It has been go, go, go around here for weeks and promises to continue being so until the end of August. I feel like a sprinter, goal in sight, but barely sucking oxygen. It's all burn, baby. My mom arrived late Wednesday night and my dad followed suit on Thursday night. We shopped for school clothes, cooked, picnicked, went to the zoo, etc. The kids had a blast and subsequently, were nasty little pills! It's one of the ironies of parenting -- do something fun and special and be rewarded by tired, grumpy and demanding tots. Kinda makes you want to limit activities to only the dull and boring in order to save yourself the trouble of deprogramming them when the fun and games are over.
I'm not even sure where to begin with all the ways that this weekend was exhausting -- how about a few sound bites:
1. "He's so manipulative and conniving. Don't get me wrong, he just so smart." Um, ok, mom. Kinda hard to take that in a kind way . . . Big D is a very smart 5 year old and yes, he is limit testing and no, I don't want you to notice! Unless it's to say that I'm a fabulously patient and totally with it mom who is not going to ruin her children.
2. "Well, guess we know who's in control" -- this in response to my fully thought out (and totally desperate) decision to give Hannah milk after an hour power struggle at bed time. The kid is whacked out on chocolate (thanks, Nana. This will apparently be her drug of choice), over stimulated and fatigued (did I mention SHE'S TWO).
3. Many helpful observations about better deck stain choices (already stained, thanks), my weed whacking technique and advice on how to better manage my life (it's all in the "chunking").
4. Ongoing commentary on the relative "fattiness" or healthfulness of various foods and others' physical attributes (generally related to "fattiness").
5. On the spot questions where the answer has been presupposed. Like, "How could young women/mothers defile their bodies with piercing and tattoos?" Kinda makes me want to run out and die something an unnatural color or suggest that I could be in the market for breast implants.
Here's the thing, I love my mom and would NEVER say these things to her. See what wonderful tool this blogs is for catharsis! Of late, after my mom's visits I begin hearing her voice and seeing her mannerisms in me. And I think, "My God, it's happening! I'm morphing into my mother." I've dreaded it most of my life and now I can actually see and hear it happening. So what do I dread exactly? That I will one day decide that I "know" how things should be done or what's best and that I'll feel not just free to share these opinions but a moral obligation to do so. That my own thinking will become rigid and fixed. That what I consider now to be a more progressive and open perspective will one day be as embarrassing and uncomfortable for my daughter as my mother's can be to me . . .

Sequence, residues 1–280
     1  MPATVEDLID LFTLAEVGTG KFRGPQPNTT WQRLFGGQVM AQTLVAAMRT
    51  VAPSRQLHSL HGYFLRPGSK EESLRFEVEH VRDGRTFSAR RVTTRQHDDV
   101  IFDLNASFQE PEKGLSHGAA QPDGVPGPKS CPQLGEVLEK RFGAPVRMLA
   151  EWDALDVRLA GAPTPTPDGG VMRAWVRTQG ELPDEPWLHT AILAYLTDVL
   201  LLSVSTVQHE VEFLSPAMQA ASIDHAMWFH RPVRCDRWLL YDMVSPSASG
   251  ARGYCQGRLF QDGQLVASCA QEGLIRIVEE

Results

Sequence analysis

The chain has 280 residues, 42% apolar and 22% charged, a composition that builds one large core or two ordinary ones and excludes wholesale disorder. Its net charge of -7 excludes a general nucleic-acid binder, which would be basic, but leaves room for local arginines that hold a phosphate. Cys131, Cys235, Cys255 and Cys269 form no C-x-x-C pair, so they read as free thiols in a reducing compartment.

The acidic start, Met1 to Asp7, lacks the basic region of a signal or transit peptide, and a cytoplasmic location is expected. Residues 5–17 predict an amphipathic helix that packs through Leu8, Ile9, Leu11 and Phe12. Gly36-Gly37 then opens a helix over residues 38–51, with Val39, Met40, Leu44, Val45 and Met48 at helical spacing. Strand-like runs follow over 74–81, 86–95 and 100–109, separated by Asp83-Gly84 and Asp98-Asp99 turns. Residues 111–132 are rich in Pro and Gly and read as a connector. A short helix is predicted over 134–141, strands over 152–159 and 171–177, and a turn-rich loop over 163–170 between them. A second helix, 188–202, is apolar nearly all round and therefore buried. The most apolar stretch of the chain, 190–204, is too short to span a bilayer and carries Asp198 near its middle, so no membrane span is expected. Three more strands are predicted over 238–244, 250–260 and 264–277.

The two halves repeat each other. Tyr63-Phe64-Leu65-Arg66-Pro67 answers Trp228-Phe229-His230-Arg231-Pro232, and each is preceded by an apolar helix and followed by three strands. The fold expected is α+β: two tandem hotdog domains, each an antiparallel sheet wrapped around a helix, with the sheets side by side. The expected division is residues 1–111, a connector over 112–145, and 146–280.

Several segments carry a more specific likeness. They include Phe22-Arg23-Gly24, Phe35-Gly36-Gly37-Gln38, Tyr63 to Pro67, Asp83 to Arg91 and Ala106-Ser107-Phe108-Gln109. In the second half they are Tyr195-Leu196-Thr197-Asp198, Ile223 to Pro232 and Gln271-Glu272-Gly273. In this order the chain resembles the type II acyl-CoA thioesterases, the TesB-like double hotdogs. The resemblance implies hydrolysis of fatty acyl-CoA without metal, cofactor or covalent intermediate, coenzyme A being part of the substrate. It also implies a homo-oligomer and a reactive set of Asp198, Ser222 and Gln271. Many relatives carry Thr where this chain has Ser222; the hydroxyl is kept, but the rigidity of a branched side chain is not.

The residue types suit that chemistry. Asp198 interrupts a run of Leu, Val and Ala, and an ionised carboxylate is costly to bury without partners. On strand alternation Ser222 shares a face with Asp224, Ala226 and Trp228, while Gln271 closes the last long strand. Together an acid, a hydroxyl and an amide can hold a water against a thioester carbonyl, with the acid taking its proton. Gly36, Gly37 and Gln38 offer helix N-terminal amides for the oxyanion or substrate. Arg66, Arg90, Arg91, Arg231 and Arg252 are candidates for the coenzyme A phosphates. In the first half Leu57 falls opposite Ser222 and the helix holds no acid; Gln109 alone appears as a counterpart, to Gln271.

My own sweet girl had an EEG today to see if they could detect any irregularities that would explain the seizure she had a week and a half ago. Despite being kept up two hours past bed time last night and then woken two hours early this morning, she was angelic! It was a bit rough in the car on the way to the hospital (via the airport to drop Nana off) but once there, she was cooperative and sweet. When she is dropping off to sleep, she twists her hair and sucks on her bink. She would have loved to have gone to sleep during the test but she could not get to her hair as there were 28 electrodes stuck all over her head . . . so she played with my hair. She lay very still, holding my hand and occasionally opening her eyes to grin at me. Recently she has been very mom-needy and I'm eating it up. She's unbelievably precious to me.
Perhaps this is what makes my own relationship with my mother so bitter sweet at times. I fear being duped into believing that I know my daughter when perhaps, like me, she feels as if she and I are on different planets.
I feel some what guilty about my mom-critiquing so let me end on this note. I made a damn list and chunked all my damn stuff. The damn is to help me feel better about saying . . . Turns out that's a pretty damn good idea.